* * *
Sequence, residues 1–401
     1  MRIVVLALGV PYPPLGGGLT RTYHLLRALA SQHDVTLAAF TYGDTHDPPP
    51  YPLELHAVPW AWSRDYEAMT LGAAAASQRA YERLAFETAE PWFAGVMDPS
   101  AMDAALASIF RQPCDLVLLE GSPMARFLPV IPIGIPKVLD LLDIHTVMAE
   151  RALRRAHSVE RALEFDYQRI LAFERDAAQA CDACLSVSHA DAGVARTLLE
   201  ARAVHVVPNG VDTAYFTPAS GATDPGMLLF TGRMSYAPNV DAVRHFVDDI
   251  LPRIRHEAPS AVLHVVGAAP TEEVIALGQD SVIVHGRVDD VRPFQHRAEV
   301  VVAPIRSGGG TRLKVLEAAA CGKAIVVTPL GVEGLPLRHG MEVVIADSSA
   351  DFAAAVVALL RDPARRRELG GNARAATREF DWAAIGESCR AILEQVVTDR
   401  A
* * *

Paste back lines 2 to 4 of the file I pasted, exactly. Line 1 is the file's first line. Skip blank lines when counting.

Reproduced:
     1  MRIVVLALGV PYPPLGGGLT RTYHLLRALA SQHDVTLAAF TYGDTHDPPP
    51  YPLELHAVPW AWSRDYEAMT LGAAAASQRA YERLAFETAE PWFAGVMDPS
   101  AMDAALASIF RQPCDLVLLE GSPMARFLPV IPIGIPKVLD LLDIHTVMAE